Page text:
A Massachusetts Land Court judge last week solidly denied a motion for reconsideration from a group of neighbors who are trying to fight three affordable one-acre homesites on Chappaquiddick.

Edgartown town counsel Ronald H. Rappaport yesterday said the ruling - which directly rejected a series of claims made by the neighbors' attorney - speaks volumes about the nature of the case.

"It's clear from the judge's ruling that these plaintiffs are engaging in dilatory tactics designed to delay and frustrate these very deserving families from moving into their homes," Mr. Rappaport said. "They are trying to use economic leverage against people who don't have those means, and I think it's really a shame."

Since receiving special permits from the Edgartown zoning board of appeals last August, town residents Andrea DelloRusso and Luke Riordan, Joe Spagnuolo and Cheryl Herrick, and Clinton Fisher have been waiting to build homes on the three substandard lots on Sandy Road. The lawsuit, brought by neighbors last fall, has delayed the real estate closings on the three homesites for almost a year.

Mr. Rappaport pledged to keep pressure on the neighbors, who are now expected to take their case to the Massachusetts Appeals Court. Edgartown attorney Ellen Kaplan, who represents the neighbors in the lawsuit, did not return a call for comment yesterday.

"The town has and will continue to do everything we can to move these cases forward so that these families can get into their homes as quickly as possible," Mr. Rappaport said.

Finding no issues of genuine material fact, the Hon. Gordon H. Piper in late June issued summary judgment in favor of the zoning board and housing candidates, who he said were entitled to their special permits as a matter of law. The neighbors in a subsequent motion argued that Judge Piper improperly disposed of the lawsuit without first hearing all of the facts relevant to the case.

In a seven-page ruling released last Thursday, Judge Piper noted that he met with attorneys in an extensive case management conference last winter, when together they reviewed, framed and narrowed all of the relevant issues in the case.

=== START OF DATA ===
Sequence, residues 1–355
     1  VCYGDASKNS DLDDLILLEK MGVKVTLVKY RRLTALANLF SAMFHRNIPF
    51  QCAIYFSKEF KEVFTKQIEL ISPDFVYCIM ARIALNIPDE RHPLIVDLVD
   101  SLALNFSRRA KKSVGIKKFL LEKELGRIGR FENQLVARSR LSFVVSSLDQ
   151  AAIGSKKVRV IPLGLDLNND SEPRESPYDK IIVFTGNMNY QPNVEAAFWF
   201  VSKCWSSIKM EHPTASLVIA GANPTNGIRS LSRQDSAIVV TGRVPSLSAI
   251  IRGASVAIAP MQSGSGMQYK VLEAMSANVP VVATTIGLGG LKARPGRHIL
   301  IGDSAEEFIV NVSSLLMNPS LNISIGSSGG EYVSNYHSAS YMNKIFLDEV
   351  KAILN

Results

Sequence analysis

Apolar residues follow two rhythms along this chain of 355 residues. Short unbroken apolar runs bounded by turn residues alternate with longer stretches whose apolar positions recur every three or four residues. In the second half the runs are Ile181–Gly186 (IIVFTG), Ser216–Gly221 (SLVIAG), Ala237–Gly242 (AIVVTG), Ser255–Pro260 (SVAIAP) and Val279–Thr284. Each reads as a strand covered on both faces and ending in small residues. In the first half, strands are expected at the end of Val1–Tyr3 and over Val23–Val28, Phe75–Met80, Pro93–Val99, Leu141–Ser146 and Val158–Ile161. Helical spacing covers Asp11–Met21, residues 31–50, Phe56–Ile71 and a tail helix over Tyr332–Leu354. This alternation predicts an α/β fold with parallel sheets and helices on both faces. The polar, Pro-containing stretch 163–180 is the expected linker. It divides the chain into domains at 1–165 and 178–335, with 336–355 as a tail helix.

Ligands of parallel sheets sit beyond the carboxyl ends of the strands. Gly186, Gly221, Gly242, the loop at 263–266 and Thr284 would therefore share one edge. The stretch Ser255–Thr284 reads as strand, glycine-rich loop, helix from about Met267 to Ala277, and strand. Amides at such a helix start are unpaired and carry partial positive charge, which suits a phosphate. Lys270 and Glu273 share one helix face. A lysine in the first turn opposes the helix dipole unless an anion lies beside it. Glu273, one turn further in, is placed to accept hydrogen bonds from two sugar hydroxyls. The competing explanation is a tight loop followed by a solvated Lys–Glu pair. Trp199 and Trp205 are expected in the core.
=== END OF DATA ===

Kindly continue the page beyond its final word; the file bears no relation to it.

During that conference, according to Judge Piper, the parties on both sides of the case agreed that the only outstanding factual matter was whether the zoning board properly considered the substandard lots as priority habitat for rare or protected species. Judge Piper in his original decision concluded that, because the Sandy Road lots were not located in any special zoning districts, the zoning board was not required to conduct such an ecological review.

Judge Piper last week said that the case was properly closed after the original ruling, and in judicial language, he characterized the plaintiffs' claim of additional factual issues as disingenuous.

"At no time during their colloquy with the court, nor in their submissions made in connection with the dispositive motions, nor at argument on those motions, did plaintiffs identify other specific factual issues that would remain as a basis for the court to annul or remand the board's decisions should plaintiffs not prevail on summary judgment," Judge Piper wrote. "Plaintiffs had ample opportunity to raise with the court any additional factual issues that would require trial, and they did not."

He also cast doubts on the merits of their complaint.

"Even in their motion for alteration of the judgments, plaintiffs have not pointed to the existence of any concrete, particularized facts in dispute on which they base their contention that the board's decisions granting the special permits were arbitrary, capricious or legally untenable," the judge wrote.

Minimum zoning on Chappaquiddick is three acres, but building on substandard lots is allowed by special permit for qualified applicants under a special town zoning bylaw. Edgartown voters adopted the bylaw at their 2001 annual town meeting as a way to help create more housing opportunities for town residents who cannot afford market rate lots.

The one-acre lots were carved out in a 1970s subdivision plan that predated three-acre zoning by two weeks. Some of the abutters who brought the case also live on substandard lots from the old subdivision. Plaintiffs in the case are listed as George Mellendick, James Williams, William O'Connell, Paul Wales, Robert and Cheryl Finkelstein, Frank and Karen Gazarian, Cornelia Dean and Lionel Spiro.

Mr. Spiro yesterday said the neighbors were eager to resolve the matter.

"The neighbors are very concerned and very eager to work out a way to provide for the three people who were designated to get the affordable housing lots. We're very anxious, and have been for some time, to resolve this to everyone's satisfaction," he said. "I think with everyone's good will, this situation will have a happy ending."